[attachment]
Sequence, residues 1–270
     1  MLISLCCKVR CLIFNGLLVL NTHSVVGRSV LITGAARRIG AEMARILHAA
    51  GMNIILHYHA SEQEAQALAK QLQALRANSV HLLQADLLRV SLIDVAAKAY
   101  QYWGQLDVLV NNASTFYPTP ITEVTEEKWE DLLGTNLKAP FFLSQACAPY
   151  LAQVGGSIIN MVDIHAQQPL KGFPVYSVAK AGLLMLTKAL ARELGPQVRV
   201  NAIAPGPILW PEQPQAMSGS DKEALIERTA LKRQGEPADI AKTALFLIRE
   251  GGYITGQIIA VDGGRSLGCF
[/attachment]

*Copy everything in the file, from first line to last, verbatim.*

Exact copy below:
Sequence, residues 1–270
     1  MLISLCCKVR CLIFNGLLVL NTHSVVGRSV LITGAARRIG AEMARILHAA
    51  GMNIILHYHA SEQEAQALAK QLQALRANSV HLLQADLLRV SLIDVAAKAY
   101  QYWGQLDVLV NNASTFYPTP ITEVTEEKWE DLLGTNLKAP FFLSQACAPY
   151  LAQVGGSIIN MVDIHAQQPL KGFPVYSVAK AGLLMLTKAL ARELGPQVRV
   201  NAIAPGPILW PEQPQAMSGS DKEALIERTA LKRQGEPADI AKTALFLIRE
   251  GGYITGQIIA VDGGRSLGCF